Image: President Obama Meets With France's President Sarkozy
Alex Wong  /  Getty Images
French President Nicolas Sarkozy and U.S. President Barack Obama hold a joint press conference in the East Room of the White House on Tuesday.
updated 3/30/2010 5:41:58 PM ET 2010-03-30T21:41:58

At the side of his French ally, President Barack Obama said Tuesday that the world is "more united than ever" on the need to keep Iran from becoming a nuclear-armed state.

"On this the United States and France are united," Obama said, opening a joint appearance before reporters that capped White House meetings with French President Nicolas Sarkozy. "Today, the international community is more united than ever on the need for Iran to uphold its obligations."

The United States is working with France and other allies to develop a new, tougher round of sanctions against Iran, which they accuse of continuing uranium enrichment in defiance of United Nations demands. Tehran says it seeks only nuclear power, not weapons.

Obama said he wants to see U.N. sanctions in place against Iran within weeks.

Condemning Israeli settlements
During the press conference, Sarkozy also joined Obama in condemning Israeli settlement activity in east Jerusalem.

Sarkozy said his own commitment to Israel's security was well known, but added that the settlement activity in an area claimed by the Palestinians "contributes nothing."

Sarkozy praised Obama for trying to engage the two sides in peace talks. Sarkozy said the "absence of peace" in the region "is a problem for all of us" — and that it feeds terrorism around the world.

In earlier developments, Obama, Sarkozy and French Finance Minister Christine Lagarde visited the Capitol for talks about climate change and other issues with Sen. John Kerry, D-Mass., the chairman of the Senate Foreign Relations Committee. After the session with Kerry, Sarkozy said he would push for "very, very hard sanctions" against Iran.

The French leader also met with House Speaker Nancy Pelosi, D-Calif.

In between affairs of state Sarkozy and his wife, Carla Bruni-Sarkozy, lunched at Ben's Chili Bowl, a no-frills urban diner that has become a Washington institution.

The Sarkozys were scheduled to join Obama and his wife, Michelle, for a private dinner in the White House. The French presidential palace called the diner a first-of-its-kind invite and a sign of esteem for America's oldest ally.

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No holds-barred speech
In a no-holds-barred speech at Columbia University on Monday, Sarkozy criticized the U.S. health care system and scolded the U.S. for not listening closely enough to what the rest of the world has to say.

But underlying the criticism was a clear respect for American dynamism and openness, and admiration for Obama. Sarkozy has hosted Obama twice in France, though Tuesday marks his first White House visit.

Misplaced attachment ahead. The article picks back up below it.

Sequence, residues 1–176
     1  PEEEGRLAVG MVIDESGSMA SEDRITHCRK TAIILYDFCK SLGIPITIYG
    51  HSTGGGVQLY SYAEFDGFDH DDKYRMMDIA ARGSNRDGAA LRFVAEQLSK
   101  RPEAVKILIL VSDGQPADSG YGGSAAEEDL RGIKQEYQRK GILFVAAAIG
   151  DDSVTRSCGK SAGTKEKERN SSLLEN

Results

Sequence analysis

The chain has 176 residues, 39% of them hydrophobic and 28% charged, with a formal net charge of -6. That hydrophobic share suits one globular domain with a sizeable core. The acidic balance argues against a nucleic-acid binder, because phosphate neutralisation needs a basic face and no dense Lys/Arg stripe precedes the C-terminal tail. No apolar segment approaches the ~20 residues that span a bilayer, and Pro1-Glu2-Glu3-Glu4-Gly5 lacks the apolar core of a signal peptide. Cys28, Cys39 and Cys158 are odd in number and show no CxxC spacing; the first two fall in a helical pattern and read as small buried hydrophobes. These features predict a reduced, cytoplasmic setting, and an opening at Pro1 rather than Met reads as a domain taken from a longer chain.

"You are very loved in the world but we expect a lot of you," Sarkozy said Monday to his largely American audience. "In Europe, we are your friends. In Europe, we admire you. You don't have to worry about that."

Obama, Sarkozy, British Prime Minister Gordon Brown, Canadian Prime Minister Stephen Harper and Korean President Lee Myung-bak sent a joint letter to the other leaders of the G-20 group of leading world economies urging them to firm up new global financial rules and stick to pledges for better coordination made at the Group of 20 summit in Pittsburgh last year. The letter was released by Sarkozy's office Tuesday.

Will Sarkozy risk unpopular decision?
Whether or not they agree on troop levels in Afghanistan, Obama and Sarkozy are of a mind on wanting new sanctions against Iran for its nuclear activities, resuming Mideast peace talks, and better regulating the U.S. financial system.

France has about 3,750 troops and trainers in Afghanistan, but Sarkozy resisted calls by Obama last year to send many more. Some other NATO allies have also been cautious, even as the U.S. is deploying 30,000 more troops to try to reverse gains made by the Taliban.

Two Western diplomats said Obama will ask Sarkozy for more military or police trainers. They spoke on condition of anonymity because the discussions are private.

French trainers have been among those killed in Afghanistan this year, and polls show most French voters don't see the point.

"It is not easy to explain that French people are dying in Afghanistan," Sarkozy said.

A French diplomat said France would make its decision based on what the generals on the ground say is needed, not on political expediency. That diplomat was not authorized to speak publicly on the matter.

Sarkozy may not risk an unpopular decision with his own popularity at record lows, and with his conservative party suffering from fractures and badly beaten in recent regional elections.

Copyright 2010 The Associated Press. All rights reserved. This material may not be published, broadcast, rewritten or redistributed.

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